Oncolytic adenovirus and gene therapy with EphA2-BiTE for the treatment of pediatric high-grade gliomas

Claudia Manuela Arnone, Vinicia Assunta Polito, Angela Mastronuzzi, Andrea Carai, Francesca Camassei Diomedi, Laura Antonucci, Lucia Lisa Petrilli, Maria Vinci, Francesco Ferrari, Elisa Salviato, Marco Scarsella, Cristiano De Stefanis, Gerrit Weber, Concetta Quintarelli, Biagio De Angelis, Malcolm K. Brenner, Stephen Gottschalk, Valentina Hoyos, Franco Locatelli, Ignazio CaruanaFrancesca Del Bufalo

Research output: Contribution to journalArticlepeer-review

3 Scopus citations

Abstract

Background Pediatric high-grade gliomas (pHGGs) are among the most common and incurable malignant neoplasms of childhood. Despite aggressive, multimodal treatment, the outcome of children with high-grade gliomas has not significantly improved over the past decades, prompting the development of innovative approaches. Methods To develop an effective treatment, we aimed at improving the suboptimal antitumor efficacy of oncolytic adenoviruses (OAs) by testing the combination with a gene-Therapy approach using a bispecific T-cell engager (BiTE) directed towards the erythropoietin-producing human hepatocellular carcinoma A2 receptor (EphA2), conveyed by a replication-incompetent adenoviral vector (EphA2 adenovirus (EAd)). The combinatorial approach was tested in vitro, in vivo and thoroughly characterized at a molecular level. Results After confirming the relevance of EphA2 as target in pHGGs, documenting a significant correlation with worse clinical outcome of the patients, we showed that the proposed strategy provides significant EphA2-BiTE amplification and enhanced tumor cell apoptosis, on coculture with T cells. Moreover, T-cell activation through an agonistic anti-CD28 antibody further increased the activation/proliferation profiles and functional response against infected tumor cells, inducing eradication of highly resistant, primary pHGG cells. The gene-expression analysis of tumor cells and T cells, after coculture, revealed the importance of both EphA2-BiTE and costimulation in the proposed system. These in vitro observations translated into significant tumor control in vivo, in both subcutaneous and a more challenging orthotopic model. Conclusions The combination of OA and EphA2-BiTE gene therapy strongly enhances the antitumor activity of OA, inducing the eradication of highly resistant tumor cells, thus supporting the clinical translation of the approach.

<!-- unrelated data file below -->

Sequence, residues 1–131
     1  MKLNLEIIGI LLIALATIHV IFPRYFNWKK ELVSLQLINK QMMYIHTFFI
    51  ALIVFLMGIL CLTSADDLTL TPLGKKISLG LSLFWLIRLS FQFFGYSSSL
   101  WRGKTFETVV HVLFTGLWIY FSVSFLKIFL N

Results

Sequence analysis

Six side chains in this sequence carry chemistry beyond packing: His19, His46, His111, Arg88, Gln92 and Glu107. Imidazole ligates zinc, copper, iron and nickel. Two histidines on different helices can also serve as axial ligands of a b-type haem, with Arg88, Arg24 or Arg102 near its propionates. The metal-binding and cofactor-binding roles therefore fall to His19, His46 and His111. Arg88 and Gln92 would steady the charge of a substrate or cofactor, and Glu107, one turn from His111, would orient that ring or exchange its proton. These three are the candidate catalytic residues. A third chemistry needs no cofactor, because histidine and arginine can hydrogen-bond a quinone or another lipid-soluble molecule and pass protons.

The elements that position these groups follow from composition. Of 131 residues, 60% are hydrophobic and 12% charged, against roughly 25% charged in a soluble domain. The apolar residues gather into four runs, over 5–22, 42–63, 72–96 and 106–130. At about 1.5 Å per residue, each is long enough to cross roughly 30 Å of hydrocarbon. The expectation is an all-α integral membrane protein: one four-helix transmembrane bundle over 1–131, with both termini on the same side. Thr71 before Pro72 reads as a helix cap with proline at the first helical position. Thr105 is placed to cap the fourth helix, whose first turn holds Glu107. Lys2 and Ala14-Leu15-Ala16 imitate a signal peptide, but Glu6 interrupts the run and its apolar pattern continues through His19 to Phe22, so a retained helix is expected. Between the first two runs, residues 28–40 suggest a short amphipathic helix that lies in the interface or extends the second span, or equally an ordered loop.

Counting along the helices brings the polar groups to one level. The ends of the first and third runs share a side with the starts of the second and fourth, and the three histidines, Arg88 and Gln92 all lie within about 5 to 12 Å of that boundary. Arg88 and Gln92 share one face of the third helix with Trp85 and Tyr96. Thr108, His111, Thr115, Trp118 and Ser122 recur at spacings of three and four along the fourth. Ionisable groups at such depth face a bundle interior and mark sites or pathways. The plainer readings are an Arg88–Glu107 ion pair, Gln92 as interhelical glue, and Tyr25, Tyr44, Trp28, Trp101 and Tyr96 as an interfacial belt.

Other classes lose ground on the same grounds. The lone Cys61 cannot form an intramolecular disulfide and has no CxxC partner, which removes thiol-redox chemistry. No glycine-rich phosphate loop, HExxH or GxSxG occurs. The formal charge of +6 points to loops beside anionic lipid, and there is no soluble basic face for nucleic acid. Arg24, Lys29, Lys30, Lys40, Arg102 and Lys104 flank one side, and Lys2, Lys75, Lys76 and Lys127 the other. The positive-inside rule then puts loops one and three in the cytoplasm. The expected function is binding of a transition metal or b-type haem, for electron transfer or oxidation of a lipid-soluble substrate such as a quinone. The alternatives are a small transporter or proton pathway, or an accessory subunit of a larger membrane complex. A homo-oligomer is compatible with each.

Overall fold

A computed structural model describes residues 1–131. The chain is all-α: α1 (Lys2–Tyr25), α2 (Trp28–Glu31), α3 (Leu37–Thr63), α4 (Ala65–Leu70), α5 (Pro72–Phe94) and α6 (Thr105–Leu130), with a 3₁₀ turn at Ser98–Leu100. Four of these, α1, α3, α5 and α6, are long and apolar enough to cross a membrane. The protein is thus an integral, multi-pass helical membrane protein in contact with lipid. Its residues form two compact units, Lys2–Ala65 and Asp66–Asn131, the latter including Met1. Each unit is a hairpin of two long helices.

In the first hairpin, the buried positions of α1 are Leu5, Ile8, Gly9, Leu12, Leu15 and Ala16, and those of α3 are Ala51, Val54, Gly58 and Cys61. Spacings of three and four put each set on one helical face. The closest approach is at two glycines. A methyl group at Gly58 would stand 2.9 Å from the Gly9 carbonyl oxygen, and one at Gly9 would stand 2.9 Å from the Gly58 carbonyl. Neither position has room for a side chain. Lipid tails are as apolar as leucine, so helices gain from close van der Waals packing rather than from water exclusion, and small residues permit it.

Original languageEnglish (US)
Article numbere001930
JournalJournal for immunotherapy of cancer
Volume9
Issue number5
DOIs
StatePublished - May 7 2021

Keywords

  • antibodies
  • brain neoplasms
  • neoplasm
  • oncolytic virotherapy
  • pediatrics
  • translational medical research

ASJC Scopus subject areas

  • Immunology and Allergy
  • Immunology
  • Molecular Medicine
  • Oncology
  • Pharmacology
  • Cancer Research

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